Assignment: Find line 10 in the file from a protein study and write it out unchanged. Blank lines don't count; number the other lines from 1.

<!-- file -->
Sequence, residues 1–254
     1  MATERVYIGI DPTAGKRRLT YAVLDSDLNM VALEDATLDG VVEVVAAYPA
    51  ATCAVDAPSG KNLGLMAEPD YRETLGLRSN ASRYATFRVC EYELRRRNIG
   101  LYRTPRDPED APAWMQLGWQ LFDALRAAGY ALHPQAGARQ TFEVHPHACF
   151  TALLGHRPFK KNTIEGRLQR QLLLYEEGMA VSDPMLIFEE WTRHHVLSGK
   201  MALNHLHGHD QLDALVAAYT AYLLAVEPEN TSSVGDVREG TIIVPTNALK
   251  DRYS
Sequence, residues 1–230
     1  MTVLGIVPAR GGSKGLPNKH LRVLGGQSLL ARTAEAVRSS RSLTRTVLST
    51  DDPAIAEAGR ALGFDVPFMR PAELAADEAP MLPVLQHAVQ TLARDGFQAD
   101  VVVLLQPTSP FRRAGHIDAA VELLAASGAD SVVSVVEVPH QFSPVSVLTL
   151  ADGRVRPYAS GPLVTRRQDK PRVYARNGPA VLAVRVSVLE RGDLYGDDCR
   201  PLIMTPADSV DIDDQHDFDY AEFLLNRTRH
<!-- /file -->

    51  DDPAIAEAGR ALGFDVPFMR PAELAADEAP MLPVLQHAVQ TLARDGFQAD